Mets' Callaway: We Go Against Analytics 85% Of Time

Ryan Chatelain
August 16, 2019 - 10:53 am

Don't expect Mickey Callaway to write the sequel to "Moneyball."

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In an era when data dominate baseball decisions, the Mets manager made some eyebrow-raising comments when he told reporters before Thursday night's game in Atlanta that "I bet 85% of our decisions go against the analytics."

"And that's how it's always going to be, because that is just on paper," Callaway said. "It doesn't take into account the person as a human being, how he performs in these big spots, all these things that a manager looks at. So you’re going against analytics most of the time."

Callaway made the comments while defending his decision to remove Steven Matz after the sixth inning Wednesday night against Atlanta and replace him with Seth Lugo. Matz had his team up 2-1, allowed just two hits and retired 14 straight batters. The usually reliable Lugo then gave up four runs in the seventh inning, and the Mets lost 6-4.

Mickey Callaway
USA Today Images

"It can be challenging," Callaway said. "There is a reason a lot of teams are going on analytics, because it says, ‘This guy for this spot, this guy for that spot.’ That doesn’t always work, we all know that.

"You have to understand what is going on with a player lately. That has to come into play, so it does add a little bit of a dynamic if certain struggles are there, but that is what you have to deal with, so we’ll continue to try to make the best decisions we possibly can and hopefully we get performance from it."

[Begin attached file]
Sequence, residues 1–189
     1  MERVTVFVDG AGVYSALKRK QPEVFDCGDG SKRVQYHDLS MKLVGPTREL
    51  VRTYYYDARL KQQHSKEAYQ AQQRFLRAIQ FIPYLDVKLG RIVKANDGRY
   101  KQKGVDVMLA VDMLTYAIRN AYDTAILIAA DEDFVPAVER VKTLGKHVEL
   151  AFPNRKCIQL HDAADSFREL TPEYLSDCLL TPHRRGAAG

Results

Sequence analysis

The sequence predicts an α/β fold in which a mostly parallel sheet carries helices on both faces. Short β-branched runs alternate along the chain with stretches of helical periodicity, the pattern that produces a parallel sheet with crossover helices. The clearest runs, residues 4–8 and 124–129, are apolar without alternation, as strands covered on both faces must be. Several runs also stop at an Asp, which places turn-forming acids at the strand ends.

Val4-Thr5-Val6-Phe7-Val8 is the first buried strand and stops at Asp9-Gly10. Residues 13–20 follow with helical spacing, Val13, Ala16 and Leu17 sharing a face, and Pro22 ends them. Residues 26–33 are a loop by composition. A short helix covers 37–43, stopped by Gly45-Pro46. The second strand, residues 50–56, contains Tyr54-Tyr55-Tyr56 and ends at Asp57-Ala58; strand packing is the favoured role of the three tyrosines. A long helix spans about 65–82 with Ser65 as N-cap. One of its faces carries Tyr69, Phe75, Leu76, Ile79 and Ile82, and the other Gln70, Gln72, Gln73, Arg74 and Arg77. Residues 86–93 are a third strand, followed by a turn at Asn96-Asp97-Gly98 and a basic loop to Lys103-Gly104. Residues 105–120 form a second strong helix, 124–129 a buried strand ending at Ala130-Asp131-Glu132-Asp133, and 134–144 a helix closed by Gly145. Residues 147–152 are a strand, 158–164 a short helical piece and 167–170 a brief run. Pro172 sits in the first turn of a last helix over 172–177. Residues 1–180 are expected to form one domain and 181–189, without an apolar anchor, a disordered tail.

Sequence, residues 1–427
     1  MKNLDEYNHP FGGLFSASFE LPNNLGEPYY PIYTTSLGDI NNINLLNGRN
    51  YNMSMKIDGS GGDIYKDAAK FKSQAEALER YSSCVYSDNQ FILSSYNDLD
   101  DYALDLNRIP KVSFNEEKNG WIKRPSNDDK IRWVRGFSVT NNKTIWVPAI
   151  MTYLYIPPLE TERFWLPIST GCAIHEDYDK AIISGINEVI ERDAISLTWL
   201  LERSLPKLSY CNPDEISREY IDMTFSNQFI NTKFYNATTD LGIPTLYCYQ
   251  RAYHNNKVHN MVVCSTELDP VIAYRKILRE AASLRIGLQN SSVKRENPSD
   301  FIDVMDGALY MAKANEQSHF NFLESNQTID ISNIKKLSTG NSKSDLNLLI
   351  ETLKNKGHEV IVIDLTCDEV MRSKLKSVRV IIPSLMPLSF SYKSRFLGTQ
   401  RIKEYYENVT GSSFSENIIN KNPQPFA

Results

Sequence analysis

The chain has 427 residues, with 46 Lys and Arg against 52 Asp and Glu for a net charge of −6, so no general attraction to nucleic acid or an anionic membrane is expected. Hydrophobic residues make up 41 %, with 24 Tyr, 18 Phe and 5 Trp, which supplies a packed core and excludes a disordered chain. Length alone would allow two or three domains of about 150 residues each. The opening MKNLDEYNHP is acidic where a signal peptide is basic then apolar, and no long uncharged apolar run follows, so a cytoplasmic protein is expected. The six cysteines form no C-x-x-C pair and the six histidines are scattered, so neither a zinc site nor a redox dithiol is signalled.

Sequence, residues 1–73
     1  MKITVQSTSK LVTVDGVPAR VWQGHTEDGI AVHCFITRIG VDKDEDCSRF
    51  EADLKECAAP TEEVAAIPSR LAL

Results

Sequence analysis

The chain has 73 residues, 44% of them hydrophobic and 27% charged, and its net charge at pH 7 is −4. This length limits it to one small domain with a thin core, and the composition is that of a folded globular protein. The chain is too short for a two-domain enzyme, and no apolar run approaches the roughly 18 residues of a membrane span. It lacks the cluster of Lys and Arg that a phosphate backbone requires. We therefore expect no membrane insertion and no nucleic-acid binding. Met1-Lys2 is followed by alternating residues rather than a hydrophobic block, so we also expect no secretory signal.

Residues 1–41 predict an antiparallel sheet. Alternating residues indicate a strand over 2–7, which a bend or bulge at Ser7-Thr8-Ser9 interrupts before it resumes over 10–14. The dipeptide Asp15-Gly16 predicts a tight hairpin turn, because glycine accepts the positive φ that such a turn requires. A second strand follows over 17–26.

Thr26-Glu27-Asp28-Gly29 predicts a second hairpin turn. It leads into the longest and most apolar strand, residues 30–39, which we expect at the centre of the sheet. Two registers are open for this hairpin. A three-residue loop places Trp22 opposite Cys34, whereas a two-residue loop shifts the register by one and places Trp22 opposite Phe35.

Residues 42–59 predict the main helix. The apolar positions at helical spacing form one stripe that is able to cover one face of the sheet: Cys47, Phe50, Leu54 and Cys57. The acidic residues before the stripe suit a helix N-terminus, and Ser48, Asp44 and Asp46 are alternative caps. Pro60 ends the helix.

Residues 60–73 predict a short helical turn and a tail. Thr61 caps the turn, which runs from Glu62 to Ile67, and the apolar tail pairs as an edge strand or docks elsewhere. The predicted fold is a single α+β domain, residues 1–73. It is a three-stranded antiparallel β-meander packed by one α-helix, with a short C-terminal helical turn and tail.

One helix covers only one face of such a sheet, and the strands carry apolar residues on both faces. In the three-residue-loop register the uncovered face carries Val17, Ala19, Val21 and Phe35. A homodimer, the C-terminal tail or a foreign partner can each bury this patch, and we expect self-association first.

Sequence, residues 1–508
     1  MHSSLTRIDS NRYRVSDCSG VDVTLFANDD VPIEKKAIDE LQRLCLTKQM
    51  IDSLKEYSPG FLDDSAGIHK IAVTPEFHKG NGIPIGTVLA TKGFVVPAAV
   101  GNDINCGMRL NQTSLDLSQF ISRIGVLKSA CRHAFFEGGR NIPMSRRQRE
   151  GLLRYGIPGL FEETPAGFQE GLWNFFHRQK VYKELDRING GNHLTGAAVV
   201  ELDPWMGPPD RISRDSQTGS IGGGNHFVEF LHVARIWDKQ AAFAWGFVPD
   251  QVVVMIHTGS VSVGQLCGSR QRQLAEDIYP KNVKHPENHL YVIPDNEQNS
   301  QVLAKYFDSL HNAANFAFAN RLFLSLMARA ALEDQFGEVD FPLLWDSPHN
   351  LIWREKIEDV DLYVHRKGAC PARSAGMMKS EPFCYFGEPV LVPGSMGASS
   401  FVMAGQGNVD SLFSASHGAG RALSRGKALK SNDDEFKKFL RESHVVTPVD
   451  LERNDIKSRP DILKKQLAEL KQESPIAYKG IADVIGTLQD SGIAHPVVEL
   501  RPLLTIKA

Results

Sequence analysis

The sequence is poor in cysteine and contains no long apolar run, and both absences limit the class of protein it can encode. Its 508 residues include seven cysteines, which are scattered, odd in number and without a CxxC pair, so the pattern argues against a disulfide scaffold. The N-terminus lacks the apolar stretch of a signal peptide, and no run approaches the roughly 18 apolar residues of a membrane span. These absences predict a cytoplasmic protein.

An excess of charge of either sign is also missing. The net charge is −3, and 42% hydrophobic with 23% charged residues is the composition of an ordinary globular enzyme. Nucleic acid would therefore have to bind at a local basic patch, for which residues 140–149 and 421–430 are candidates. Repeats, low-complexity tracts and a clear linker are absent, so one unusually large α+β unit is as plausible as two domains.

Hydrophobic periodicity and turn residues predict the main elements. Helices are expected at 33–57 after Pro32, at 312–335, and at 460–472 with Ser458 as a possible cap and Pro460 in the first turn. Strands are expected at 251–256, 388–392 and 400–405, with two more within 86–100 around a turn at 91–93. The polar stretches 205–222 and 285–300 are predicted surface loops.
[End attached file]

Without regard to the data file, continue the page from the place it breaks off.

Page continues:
Callaway's views on analytics are common among its critics. But teams are relying more and more on the numbers nevertheless.

After being hired in October, general manager Brodie Van Wagenen talked about the Mets investing more in analytics. Weeks later, he hired Adam Guttridge, co-founder of the baseball analytics company NEIFI, as assistant general manager of systematic development.


Was all that really done with the idea in mind that Callaway would only listen 15% of the time? 

The Mets' skipper did explain when he thinks using the math makes sense.

"I think there’s something to be said when all things are equal and you’re really taking all these things into consideration and the decision still feels very equal," he said. "Then OK. Let’s lean on, what does the matchup look like? What is the projection that our analytics department is coming up with? What does it look like? And if it’s a lot of points one way or the other, I think that’s something to take into consideration to try and make a better decision."

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